Missouri Dedicates $17 Million in Cannabis Revenue to Veteran Services

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Missouri will transfer $17 million from its cannabis programs to the Missouri Veterans Commission to support veterans' health care and services, following the success of both medical and adult-use cannabis programs in the state.

According to the Missouri Department of Health and Senior Services (DHSS) (1), the state agency is reporting that $13 million will be transferred from the state’s medical cannabis program to the Missouri Veterans Commission. These funds will be utilized to supply health care and other services to military veterans and their families.

In November 2022 (1), Missouri voters agreed to legalize adult-use cannabis. From their adult-use program, approximately another $4 million will be transferred to veteran services, totaling their funds received to nearly $17 million. Marijuana Moment mentioned that three agencies each were able to receive $1,278,973 (1). Those organizations were “the Veterans Commission to fund health care and other services for military veterans and their dependent families, the state public defender’s office for legal assistance for low-income people, and DHSS itself to increase access to drug treatment, overdose prevention and recovery services,” (1).


“It’s incredible that Missouri voters passed the adult use amendment less than one year ago, and we are now starting to see the financial impact the program’s success will have on multiple organizations and the Missourians they serve,” Amy Moore, director of DHSS’s Division of Cannabis Regulation, commented in a recent statement (1).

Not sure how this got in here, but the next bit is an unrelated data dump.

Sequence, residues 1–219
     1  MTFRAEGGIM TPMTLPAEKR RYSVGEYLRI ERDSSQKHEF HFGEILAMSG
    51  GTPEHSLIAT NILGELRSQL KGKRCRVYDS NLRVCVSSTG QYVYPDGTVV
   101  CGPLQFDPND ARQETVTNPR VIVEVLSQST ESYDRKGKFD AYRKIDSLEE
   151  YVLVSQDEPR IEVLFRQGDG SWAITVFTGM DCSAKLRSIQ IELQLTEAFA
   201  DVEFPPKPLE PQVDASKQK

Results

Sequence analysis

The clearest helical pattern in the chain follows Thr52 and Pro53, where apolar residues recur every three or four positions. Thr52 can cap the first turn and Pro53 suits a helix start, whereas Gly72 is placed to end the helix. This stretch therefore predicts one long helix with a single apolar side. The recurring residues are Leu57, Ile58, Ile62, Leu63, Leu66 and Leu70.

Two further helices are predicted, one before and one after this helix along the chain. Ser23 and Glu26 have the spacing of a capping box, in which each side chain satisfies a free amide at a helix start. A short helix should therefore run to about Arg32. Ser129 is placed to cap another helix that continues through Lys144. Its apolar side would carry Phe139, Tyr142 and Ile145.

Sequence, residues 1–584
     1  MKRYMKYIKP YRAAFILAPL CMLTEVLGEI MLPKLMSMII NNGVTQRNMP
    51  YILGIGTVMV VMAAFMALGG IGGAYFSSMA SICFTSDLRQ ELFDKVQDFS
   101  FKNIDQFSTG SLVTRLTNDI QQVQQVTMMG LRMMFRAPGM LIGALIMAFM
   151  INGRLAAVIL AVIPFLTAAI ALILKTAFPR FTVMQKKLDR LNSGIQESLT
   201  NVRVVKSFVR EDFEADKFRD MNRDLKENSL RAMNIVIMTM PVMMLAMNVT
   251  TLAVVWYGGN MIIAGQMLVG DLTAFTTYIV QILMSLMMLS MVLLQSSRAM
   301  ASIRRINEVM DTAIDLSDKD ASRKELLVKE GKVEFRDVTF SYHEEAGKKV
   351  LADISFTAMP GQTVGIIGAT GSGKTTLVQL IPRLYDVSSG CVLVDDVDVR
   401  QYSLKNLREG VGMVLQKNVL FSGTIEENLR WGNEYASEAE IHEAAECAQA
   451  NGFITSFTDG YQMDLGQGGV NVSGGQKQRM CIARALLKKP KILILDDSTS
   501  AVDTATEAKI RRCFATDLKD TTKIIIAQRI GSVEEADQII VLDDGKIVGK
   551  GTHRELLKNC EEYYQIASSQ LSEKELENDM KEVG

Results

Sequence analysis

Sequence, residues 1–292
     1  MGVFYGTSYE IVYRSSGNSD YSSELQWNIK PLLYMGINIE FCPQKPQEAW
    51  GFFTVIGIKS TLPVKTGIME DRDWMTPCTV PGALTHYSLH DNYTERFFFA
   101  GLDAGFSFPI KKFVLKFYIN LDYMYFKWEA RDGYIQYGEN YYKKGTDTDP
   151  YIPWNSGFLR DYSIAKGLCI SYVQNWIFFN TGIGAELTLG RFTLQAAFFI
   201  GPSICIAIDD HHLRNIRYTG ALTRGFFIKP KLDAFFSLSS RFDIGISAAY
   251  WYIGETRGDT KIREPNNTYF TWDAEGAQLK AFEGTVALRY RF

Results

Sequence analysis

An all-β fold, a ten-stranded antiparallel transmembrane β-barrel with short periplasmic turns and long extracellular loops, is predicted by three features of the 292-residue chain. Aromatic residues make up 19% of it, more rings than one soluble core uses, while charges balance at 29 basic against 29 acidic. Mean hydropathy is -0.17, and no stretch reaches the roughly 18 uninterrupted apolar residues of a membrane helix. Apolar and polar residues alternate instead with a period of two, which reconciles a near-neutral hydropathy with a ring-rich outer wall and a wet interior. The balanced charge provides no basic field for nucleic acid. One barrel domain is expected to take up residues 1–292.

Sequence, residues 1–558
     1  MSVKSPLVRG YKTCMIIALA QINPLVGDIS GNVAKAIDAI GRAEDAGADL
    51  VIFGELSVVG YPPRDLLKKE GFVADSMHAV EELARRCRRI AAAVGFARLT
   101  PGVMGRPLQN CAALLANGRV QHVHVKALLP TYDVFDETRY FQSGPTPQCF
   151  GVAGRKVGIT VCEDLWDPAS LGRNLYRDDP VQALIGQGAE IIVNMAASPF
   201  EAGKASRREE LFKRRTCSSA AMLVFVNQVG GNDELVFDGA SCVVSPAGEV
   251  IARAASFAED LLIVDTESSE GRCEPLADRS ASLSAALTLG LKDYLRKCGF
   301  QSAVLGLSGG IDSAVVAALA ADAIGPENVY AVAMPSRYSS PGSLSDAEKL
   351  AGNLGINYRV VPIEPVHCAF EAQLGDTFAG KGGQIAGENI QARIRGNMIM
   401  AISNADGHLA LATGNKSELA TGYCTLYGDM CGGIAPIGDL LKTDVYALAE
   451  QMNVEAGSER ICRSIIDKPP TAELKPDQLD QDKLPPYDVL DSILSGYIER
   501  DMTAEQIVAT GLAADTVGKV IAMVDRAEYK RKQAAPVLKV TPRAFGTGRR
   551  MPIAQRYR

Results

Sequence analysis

Paul Kirchhoff, executive director of the Missouri Veterans Commission, stated that the money (1), “will help MVC continue to support the existing infrastructure of our seven Veterans Homes.”

In 2018, Missouri created their medical cannabis program (1). Since its’ launch, the program has transferred almost $40 million to veteran funds. In the state, dispensary sales didn’t begin until 2020. Decreed by Missouri state law, medical cannabis products that are sold at licensed dispensaries will be taxed by 4%. There is a provision that requires “that any money collected that exceeds the cost of administering the program be disbursed to the Veterans Commission,” (1).


  1. Adlin, B. Missouri Spends $17 Million In Marijuana Revenue To Fund Veterans Services, Drug Treatment And Legal Aid (accessed Nov 6, 2023).